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So . . . I've just started the new "Thrawn" book. You know the one. The one by Timothy Zahn. You know the guy. The guy who popularised the expanded universe of "Star Wars" in the early Nineties with a trio of books that came to be called the Thrawn Trilogy. When people complained about the disposal of all "Star Wars" spinoff media that preceded Disney's acquisition, they were mostly thinking about the Zahn stuff. And lo! Thrawn turned out to be one of the high points of the old universe that got inducted into the tighter Disney version, making his new debut on the "Rebels" cartoon.

But now there's this book. No hiding the intent. In the original series that came to be named after him, he was still just the antagonist. Despite his popularity, he wasn't even given a viewpoint. He was only seen through the eyes of other characters. But in this book, officially called "Thrawn", he actually gets to narrate bits by himself, which isn't even traditional for "Star Wars" novels. I think that "I, Jedi", an older book, was actually called that because it broke the norm by featuring first-person narration.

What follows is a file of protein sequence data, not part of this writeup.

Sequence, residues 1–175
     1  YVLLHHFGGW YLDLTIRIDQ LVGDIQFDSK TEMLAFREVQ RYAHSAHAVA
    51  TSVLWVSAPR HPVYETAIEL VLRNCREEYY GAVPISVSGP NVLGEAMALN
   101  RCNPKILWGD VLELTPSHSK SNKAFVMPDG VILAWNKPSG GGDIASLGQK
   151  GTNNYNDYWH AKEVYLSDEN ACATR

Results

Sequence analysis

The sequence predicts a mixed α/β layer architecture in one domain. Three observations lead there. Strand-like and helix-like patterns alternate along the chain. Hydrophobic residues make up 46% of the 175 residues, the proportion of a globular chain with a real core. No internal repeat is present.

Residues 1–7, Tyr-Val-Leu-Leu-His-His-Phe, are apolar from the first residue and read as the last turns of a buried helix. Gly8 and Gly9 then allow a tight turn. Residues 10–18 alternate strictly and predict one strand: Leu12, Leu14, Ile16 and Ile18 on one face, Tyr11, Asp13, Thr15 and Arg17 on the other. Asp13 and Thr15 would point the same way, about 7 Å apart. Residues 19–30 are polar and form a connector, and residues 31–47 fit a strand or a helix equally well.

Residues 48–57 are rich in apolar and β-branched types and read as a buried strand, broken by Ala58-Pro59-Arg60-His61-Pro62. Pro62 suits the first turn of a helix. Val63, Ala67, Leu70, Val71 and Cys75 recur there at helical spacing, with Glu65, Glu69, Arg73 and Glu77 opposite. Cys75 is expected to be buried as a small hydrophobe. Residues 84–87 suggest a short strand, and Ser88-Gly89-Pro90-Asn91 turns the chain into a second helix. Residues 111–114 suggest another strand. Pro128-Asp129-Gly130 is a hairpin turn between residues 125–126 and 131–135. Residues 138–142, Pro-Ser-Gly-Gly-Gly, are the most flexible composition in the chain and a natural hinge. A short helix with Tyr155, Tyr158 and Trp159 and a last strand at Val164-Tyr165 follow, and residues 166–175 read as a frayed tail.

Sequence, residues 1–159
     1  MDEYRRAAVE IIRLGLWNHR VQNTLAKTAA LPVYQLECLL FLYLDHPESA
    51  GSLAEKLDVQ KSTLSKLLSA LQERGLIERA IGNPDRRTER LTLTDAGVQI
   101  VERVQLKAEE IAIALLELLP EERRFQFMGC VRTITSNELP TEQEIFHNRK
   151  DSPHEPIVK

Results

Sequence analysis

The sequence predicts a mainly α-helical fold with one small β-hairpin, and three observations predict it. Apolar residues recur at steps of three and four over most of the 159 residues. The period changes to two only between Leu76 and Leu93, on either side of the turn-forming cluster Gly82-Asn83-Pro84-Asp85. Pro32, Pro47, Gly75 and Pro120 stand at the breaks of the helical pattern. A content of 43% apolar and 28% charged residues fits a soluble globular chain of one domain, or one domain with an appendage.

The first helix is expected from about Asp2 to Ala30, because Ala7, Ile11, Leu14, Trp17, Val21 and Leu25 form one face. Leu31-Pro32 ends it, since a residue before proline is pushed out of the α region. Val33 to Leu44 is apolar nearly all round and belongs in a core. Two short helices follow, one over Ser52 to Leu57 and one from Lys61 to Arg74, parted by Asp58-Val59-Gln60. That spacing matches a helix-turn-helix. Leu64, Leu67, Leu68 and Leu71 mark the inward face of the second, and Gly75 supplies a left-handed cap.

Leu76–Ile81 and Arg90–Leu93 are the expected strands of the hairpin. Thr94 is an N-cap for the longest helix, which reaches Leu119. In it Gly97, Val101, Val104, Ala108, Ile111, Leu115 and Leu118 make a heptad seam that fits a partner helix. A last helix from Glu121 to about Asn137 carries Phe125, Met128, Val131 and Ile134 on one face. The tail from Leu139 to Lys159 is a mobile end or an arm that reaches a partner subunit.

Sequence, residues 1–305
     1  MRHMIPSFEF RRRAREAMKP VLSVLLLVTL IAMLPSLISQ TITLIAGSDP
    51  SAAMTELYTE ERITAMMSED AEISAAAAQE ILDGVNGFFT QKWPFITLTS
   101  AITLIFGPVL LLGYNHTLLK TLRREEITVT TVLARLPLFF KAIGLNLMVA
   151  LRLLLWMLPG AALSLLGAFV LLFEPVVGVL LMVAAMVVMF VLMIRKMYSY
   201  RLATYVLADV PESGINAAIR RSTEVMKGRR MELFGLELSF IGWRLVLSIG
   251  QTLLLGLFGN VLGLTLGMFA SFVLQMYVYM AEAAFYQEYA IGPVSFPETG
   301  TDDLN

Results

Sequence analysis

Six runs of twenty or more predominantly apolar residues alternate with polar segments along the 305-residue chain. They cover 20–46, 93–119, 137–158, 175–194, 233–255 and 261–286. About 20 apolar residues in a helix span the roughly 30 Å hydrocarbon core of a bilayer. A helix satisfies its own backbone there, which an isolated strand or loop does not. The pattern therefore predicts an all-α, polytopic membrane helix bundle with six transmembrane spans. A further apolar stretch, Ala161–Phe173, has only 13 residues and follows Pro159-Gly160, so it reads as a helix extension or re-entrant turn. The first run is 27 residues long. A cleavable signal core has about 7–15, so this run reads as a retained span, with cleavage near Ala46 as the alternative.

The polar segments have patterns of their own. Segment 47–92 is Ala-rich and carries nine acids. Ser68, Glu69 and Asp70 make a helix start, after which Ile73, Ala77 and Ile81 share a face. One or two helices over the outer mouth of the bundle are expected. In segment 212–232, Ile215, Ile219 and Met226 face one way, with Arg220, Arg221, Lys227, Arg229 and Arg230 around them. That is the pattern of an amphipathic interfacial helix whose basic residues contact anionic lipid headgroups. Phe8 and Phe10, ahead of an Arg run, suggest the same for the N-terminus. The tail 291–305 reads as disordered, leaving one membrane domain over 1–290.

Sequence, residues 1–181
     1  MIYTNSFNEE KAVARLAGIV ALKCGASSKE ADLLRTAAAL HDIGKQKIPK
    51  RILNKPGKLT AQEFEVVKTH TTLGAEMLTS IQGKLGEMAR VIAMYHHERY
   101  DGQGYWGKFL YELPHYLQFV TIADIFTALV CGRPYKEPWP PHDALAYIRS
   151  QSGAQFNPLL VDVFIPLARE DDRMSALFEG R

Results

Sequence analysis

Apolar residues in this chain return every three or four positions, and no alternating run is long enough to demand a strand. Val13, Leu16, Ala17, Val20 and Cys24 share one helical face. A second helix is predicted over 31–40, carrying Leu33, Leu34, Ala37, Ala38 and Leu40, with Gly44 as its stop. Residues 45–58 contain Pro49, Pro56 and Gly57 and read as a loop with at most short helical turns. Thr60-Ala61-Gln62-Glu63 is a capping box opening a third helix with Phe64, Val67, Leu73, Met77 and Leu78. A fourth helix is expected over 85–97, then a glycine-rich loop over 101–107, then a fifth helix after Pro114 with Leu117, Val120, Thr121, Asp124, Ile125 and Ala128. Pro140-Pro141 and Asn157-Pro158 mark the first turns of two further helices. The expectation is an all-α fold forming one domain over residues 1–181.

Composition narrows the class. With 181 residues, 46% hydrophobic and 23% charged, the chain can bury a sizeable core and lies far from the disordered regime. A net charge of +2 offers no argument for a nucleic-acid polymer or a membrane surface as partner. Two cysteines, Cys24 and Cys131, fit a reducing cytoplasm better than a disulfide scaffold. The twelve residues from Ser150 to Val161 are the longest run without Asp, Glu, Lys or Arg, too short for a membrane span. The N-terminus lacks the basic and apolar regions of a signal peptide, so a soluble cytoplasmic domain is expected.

But the best aspect I've encountered at this point is the fact that it basically feels like "Encino Man" in space. With a mysterious blue alien instead of an enigmagic surfer caveman. And an earnest young translator cadet instead of Pauly Shore. And though Brendan Fraser is apparently absent from "Thrawn", the situation's meliorated by my automatic tendency to imagine the titular character's portrayal by Benedict Cumberbatch. But yeah. Thrawn goes to school. It's pretty great. It would have been regardless, but this in particular is pretty great.

Bonus Question!

Best blue guy with glowing eyes?


Ooh. But could he meet Thrawn? It'd be like blue Errol Flynn versus blue Sherlock Holmes!

Actually, this sounds exactly like the sort of scenario Nightcrawler would create for himself in the Danger Room. Dude treats that thing like his own personal version of Abed's Dreamatorium.

As well he should.

Copyright © 2011, Jaymes Buckman and David Aaron Cohen. All rights reserved. In a good way.